“Since leaving Wellington 10 years ago, after being city organist there for 20 years, Mr. Bernard F. Page, who has arrived in Auckland from England, has had many experiences. He has toured Britain, Belgium and Holland, been bombed out of two flats in the blitz, seen the organ of the French Catholic Church in London, where he was organist and choirmaster, wrecked by the Nazis’ wrath, and lost his life’s collection of music and books.
And now Mr. Page wants to settle down in Auckland and continue his professional work. He felt that there was nothing left for him in England – nothing more than marking time until the war was over – and he likes New Zealand, his “adopted country,” and knows it well. He has a son here in the air force.
As city organist in Wellington from 1913 to 1932, Mr. Page played an important part in the musical life of the Dominion, adjudicating in competitions and teaching all over the country. He came originally from London, and in 1932 he returned to Britain. Since then, in addition to touring, he has given 10 recitals with the famous violinist, Bratza.
About five years ago he was appointed as organist and choirmaster to the Church of Notre Dame de France. The beautiful organ at this church, which was erected in the 1860’s by the famous Monsieur Cavallie-Col, who brought a band of workmen from France for the purpose, was wrecked by bombs in October, 1940, in one of the heaviest London raids.
A sad feature of the bombing was the fact that the church had been rebuilt only two years before, at a cost of £2000. Mr Page had presided at the reopening, when the French Ambassador, M. Corbin, was present.
Prior to losing his church, Mr. Page had been bombed, first out of one flat, then out of another. His musical library, which included many valuable manuscripts and was considered one of the best private collections in England, was lost entirely.
Met Star Reports
Mr. Page’s contact with the Auckland Star on his return came about in an unexpected way. While in London he met two former Star reporters. Sub-Lieutenant A. G. Thompson, who is in the Fleet Air Arm, and Pilot-Officer F. Colwyn Jones, D.F.C (who had not then won his medal). When they heard he was coming to New Zealand, they made him promise to look up the chief reporter of the Star. “And so here I am,” he smiled.
Of music in Britain at present, Mr. Page had little comment to make. It was true, he said, that there had been a great revival of interest among the people, and the lunch hour concerts at the National Gallery, organized by Dame Myra Hess, drew crowds every day. But in the main, there was no new trend in music. Orchestras were sadly depleted, the majority of musicians were either in the forces or in industry.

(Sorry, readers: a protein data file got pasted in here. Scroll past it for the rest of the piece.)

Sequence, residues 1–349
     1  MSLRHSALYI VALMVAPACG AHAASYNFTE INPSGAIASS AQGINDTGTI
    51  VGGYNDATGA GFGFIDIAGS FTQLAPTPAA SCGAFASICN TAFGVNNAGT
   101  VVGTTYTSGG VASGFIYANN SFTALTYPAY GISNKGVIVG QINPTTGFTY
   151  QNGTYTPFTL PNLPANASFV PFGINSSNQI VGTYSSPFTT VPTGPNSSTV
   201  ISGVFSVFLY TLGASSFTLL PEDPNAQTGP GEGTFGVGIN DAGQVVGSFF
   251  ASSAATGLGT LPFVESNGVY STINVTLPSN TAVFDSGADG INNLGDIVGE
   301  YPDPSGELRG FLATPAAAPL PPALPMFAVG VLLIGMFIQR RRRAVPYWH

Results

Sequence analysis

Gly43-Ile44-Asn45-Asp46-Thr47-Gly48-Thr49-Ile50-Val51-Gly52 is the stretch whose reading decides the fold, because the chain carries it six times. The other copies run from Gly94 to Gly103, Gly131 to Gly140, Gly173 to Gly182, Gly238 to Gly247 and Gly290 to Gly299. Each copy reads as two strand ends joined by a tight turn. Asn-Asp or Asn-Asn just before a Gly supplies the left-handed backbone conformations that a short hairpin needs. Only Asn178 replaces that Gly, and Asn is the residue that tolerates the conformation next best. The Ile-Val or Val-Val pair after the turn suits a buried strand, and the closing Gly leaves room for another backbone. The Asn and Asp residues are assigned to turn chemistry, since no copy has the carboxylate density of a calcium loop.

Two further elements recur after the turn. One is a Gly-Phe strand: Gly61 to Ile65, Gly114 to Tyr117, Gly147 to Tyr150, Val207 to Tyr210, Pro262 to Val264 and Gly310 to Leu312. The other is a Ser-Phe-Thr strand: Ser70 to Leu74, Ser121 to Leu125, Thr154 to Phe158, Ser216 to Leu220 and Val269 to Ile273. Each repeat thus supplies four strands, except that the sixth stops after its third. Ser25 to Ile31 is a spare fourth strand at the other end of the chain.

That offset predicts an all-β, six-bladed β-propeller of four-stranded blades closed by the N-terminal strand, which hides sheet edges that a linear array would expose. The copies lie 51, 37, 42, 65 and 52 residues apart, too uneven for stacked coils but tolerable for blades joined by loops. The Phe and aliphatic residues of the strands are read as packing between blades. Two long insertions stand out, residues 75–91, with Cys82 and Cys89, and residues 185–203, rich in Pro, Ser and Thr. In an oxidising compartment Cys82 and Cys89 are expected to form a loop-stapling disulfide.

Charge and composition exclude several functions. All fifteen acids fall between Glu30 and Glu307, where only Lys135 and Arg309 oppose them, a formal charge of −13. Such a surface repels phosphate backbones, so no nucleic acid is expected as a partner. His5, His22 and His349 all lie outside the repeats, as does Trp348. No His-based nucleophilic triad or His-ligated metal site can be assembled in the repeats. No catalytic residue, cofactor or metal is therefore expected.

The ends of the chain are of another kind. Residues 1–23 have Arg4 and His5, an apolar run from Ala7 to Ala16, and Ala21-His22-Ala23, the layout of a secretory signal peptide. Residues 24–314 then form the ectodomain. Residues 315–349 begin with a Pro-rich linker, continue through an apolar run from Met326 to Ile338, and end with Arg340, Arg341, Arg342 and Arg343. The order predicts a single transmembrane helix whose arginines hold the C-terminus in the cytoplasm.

On the journey out here, Mr. Page played at Durban and Melbourne, and he found audiences most enthusiastic, particularly in Melbourne.”
Auckland’s Lunch-Hour Concerts
Already getting into the swim of things in this city, musically speaking, Mr. Page yesterday went to one of the lunch-hour concerts in the Tower, Chancery Chambers. These concerts, which take place every Friday, are a new feature in Auckland, and are arranged by local musicians for all who care to come.
Mr. Page was warm in his praise of yesterday’s concert, conducted by Owen Jensen and performed by the Auckland String Players. “It is something that should be encouraged,” he said. “I hope the orchestra will grow and become one of the permanent musical institutions of the city.
“It came as a great relief after a long time at sea to hear Handel, Bach and Mozart so admirably played. Especially fine was the Rondo for solo violin with string orchestral accompaniment, so ably arranged by Thomas Matthews, the noted violinist and leader of the London Philharmonic Orchestra, who recently visited New Zealand, and is now in Melbourne.
“To my added pleasure, I met several of my old pupils at the concert yesterday,” said Mr. Page. He added that the welcome he had received n Auckland on his return had given him much pleasure.
- Auckland Star, Volume LXXIII, Issue 294, 12 December 1942, Page 6
Twink and the Technicolour Dream
And extract of this material was printed in inset to the album cover of Sympathy for the Beast by Twink and the Technicolour Dream in 2018. A recording was also made of Crowley's Your Grave Eyes.
Accident to City Organist. Dominion, Volume 14, Issue 51, 24 November 1920, Page 8
Auckland City Council. Organ recital by Bernard F Page on Sunday 7th May 1944. Town Hall Auckland. Programme.
Called to Arms. Auckland Star, Volume XLIX, Issue 145, 19 June 1918, Page 4
Evening Post, Volume CXIV, Issue 122, 19 November 1932, Page 12
Farewell to Mr Page. Evening Post, 19 November 1932
Musical Taste. Evening Post, Volume CXIV, Issue 114, 10 November 1932, Page 13
New City Organist. Dominion, Volume 6, Issue 1835, 22 August 1913, Page 7
Organist Back. Auckland Star, Volume LXXIII, Issue 294, 12 December 1942, Page 6
Personal Items. Evening Post, Volume CXIV, Issue 150, 22 December 1932, Page 13
Personal Items. Evening Post, Volume CXXXIV, Issue 138, 8 December 1942, Page 3
Personal Items. Hawera & Normanby Star, Volume LXXVII, 18 July 1918, Page 4
Personal. Auckland Star, Volume LXIII, Issue 266, 9 November 1932, Page 3
Personal. Manawatu Times, Volume LXV, Issue 1934, 31 May 1913, Page 4
Radio Programmes. Evening Post, Volume CXIV, Issue 30, 4 August 1932, Page 21
Rats Invade City Organ. New Zealand Herald, Volume LXI, Issue 18822, 24 September 1924, Page 10
Real Musical Treat - Nelson Evening Mail, Volume XLVIII, 5 January 1915, Page 6
Too Cold to Play. New Zealand Herald, Volume LXIX, Issue 21262, 16 August 1932, Page 10
Victoria University College. Annual Extravaganza: Pep. 1924.
Wellington Town Hall (Wellington, N.Z.), Page, Bernard Francis, 1885?-1955, Wellington City, Images
Wellington's New Organist. Evening Post, Volume LXXXVI, Issue 46, 22 August 1913, Page 11
Western Argus, Tuesday 17 March 1925
www. aucklandorgan.org.nz, 11 October 2014
www.organforum.com, 11 October 2014
www.teara.govt.nz/en/1966/music, 11 October 2014